Snowflake was an important symbol for Barcelona Zoo and the city. The first albino gorilla ever known captivated adults and children from all over the world, and brought millions of visitors and scientists to the zoo. Found in the Nko forest, he was rescued by the primatologist Josep Sabater i Pi, who brought him to Barcelona.
Find out what his life was like in the zoo for the 37 years of his life, what he was like and what his favourite food was.
Name: Snowflake / Copito de Nieve / Floquet de Neu / Nfumu Ngui.
Species: Gorilla gorilla.
Subspecies: Gorilla gorilla gorilla (Western Lowland Gorilla).
Peculiarity: he was the first known albino gorilla.
Type of albinism: oculocutaneous (OCA).
Place of birth: Equatorial Guinea.
Approximate year of birth: 1963 or 1964.
Date of arrival in Barcelona: 1st November 1966.
Date of death: 24th November 2003.
Cause of death: skin cancer; squamous cell carcinoma.
Height: 163 cm in adulthood.
Weight: 100 kg. approx.
Number of offspring: 21.
Like all gorillas, Snowflake was a herbivore and his basic diet was fruit and seasonal vegetables. In the zoo, he was given four meals a day comprised of fruit, vegetables, seasonal garden produce and alfalfa. To complete his diet, special food for primates was added to his meals. He was also given protein-rich milkshakes, a boiled egg and dry bread twice a week, soft cheese once a week and yoghurt (which he particularly enjoyed) three times a week. Snowflake also liked nuts very much.
In his later years, Snowflake weighed around 100 kg, though earlier he had suffered from obesity; in 1997 he weighed over 190 kg, and so he was put on a special diet to reduce his weight. Even so, Snowflake, who was 163 cm tall and had an average weight of 145 kg, was never a particularly thick-set male.
- - Circumference of head: 87 cm.
- - Surface area of foot sole: 33 cm.
- - Surface area of paw (from the tip of the middle finger to the bottom of the palm): 23 cm.
On 1st October 1966, several landowners killed a group of gorillas that had been eating their banana and coffee crops in the Nko Forest, in the province of Rio Muni, Equatorial Guinea (at that time Spanish Guinea). Among the dead bodies, they found a baby gorilla that was completely white and clinging desperately to its mother's body.
One of the farmer-hunters, Benito Manié, took the animal home with the idea of selling it (he called the animal Nfumu Ngui, which means "white gorilla" in the Fang language). Four days later, he sold it to Professor Jordi Sabater Pi, at that time the curator of the Barcelona City Council Ikunde Zoological Experimentation Centre, for a sum of around 15,000 pesetas.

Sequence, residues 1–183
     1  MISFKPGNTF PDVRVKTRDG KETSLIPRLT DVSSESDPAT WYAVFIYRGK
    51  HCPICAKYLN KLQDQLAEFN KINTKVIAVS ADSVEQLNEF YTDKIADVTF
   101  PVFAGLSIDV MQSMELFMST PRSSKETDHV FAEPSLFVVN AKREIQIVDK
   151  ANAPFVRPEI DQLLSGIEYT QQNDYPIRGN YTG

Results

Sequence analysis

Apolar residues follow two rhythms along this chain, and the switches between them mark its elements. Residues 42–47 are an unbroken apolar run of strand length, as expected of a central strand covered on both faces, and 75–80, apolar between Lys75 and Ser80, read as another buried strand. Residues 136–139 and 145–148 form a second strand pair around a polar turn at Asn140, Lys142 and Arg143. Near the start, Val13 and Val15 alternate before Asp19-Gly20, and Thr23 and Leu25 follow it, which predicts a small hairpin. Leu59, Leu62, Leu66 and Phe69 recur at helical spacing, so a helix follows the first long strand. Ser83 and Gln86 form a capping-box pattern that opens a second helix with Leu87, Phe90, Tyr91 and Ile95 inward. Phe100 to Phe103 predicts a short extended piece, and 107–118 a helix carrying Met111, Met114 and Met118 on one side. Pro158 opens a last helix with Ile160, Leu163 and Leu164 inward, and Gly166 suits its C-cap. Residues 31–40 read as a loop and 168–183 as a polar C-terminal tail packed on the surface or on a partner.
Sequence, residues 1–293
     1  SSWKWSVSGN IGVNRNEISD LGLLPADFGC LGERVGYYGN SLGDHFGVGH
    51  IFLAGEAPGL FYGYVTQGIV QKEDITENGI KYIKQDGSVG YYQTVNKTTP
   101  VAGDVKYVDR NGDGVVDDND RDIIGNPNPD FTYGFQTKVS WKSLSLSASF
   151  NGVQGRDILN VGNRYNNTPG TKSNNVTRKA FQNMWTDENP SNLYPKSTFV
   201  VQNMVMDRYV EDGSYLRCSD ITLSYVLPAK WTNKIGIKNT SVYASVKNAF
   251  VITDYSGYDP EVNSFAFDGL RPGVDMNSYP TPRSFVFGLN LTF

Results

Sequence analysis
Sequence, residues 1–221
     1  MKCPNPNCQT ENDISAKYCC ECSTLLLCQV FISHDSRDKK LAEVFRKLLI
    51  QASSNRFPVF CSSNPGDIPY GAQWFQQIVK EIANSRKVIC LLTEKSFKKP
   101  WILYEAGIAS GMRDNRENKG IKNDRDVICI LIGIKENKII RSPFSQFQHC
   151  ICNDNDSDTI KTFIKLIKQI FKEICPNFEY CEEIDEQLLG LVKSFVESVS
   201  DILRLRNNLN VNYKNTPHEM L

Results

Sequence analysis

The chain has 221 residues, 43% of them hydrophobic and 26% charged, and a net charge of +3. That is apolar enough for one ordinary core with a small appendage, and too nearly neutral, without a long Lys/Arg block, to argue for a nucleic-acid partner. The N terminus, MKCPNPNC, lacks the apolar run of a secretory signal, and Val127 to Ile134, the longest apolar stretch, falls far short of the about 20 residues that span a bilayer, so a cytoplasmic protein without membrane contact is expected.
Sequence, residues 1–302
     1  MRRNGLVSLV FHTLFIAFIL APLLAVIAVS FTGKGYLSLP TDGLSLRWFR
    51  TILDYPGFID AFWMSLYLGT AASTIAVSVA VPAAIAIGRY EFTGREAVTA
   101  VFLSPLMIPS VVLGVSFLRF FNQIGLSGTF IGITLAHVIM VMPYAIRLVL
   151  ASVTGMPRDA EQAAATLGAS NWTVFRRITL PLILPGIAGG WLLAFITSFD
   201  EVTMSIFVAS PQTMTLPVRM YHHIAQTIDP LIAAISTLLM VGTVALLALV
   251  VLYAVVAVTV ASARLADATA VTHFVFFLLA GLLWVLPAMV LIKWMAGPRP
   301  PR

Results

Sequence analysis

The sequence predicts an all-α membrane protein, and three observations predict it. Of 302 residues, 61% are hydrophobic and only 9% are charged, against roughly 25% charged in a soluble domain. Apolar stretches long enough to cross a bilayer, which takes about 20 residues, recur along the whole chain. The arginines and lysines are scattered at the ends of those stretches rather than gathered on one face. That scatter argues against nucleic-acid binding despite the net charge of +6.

The albino baby weighed 8.75 kg and had all of its milk teeth, and so was estimated to be between two and three years old.
The white gorilla spent a month in Ikunde undergoing an adaptation process. During this time, Professor Sabater communicated this find to Professor Arthur Riopelle, Director of the Delta Regional Primate Research Center, Tulane University, New Orleans (USA). Sabater had collaborated on Riopelle's field studies on gorillas in Rio Muni.
Riopelle promptly informed the National Geographic Society (which sponsored his gorilla studies) of the discovery, and the organisation decided to send Professor Riopelle and Paul A. Zahl (a member of the magazine's editorial staff) to Ikunde to meet the exceptional animal and to produce a photo-report.
The baby gorilla adapted well to life in captivity and being with humans, and was sent to Barcelona Zoo, where he arrived on 1st November 1966. One month later, in December, he was presented to the local press, but he had not yet been given a name.
In March 1967, Riopelle and Zahl published their article on the gorilla in National Geographic Magazine titled "Snowflake, the world’s first white gorilla". The name that Riopelle and Zahl had given the animal stuck, and the gorilla became known as ‘Snowflake’, or Copito de Nieve in Spanish and Floquet de Neu in Catalan. With this article, the gorilla became famous throughout the world.
During his first 11 months in Barcelona, Snowflake lived in the Ensanche apartment of Dr. Román Luera, at that time the zoo's vet. His wife, María Gracia, used to take care of baby chimpanzees, gorillas and other primates, and was known at the zoo as “Mama Gorilla”. At that time, the shortage of installations and lack of knowledge on how to look after baby animals meant that many newborn creatures were "hand-raised" by humans. As he was an orphan, it was decided that the baby albino gorilla needed the attention and affection of an adoptive mother to ensure that he would develop properly, physically and mentally. This special attention that Snowflake received and the popularity he gained from his earliest days had an influence on his personality, and he became a self-confident, dominant animal.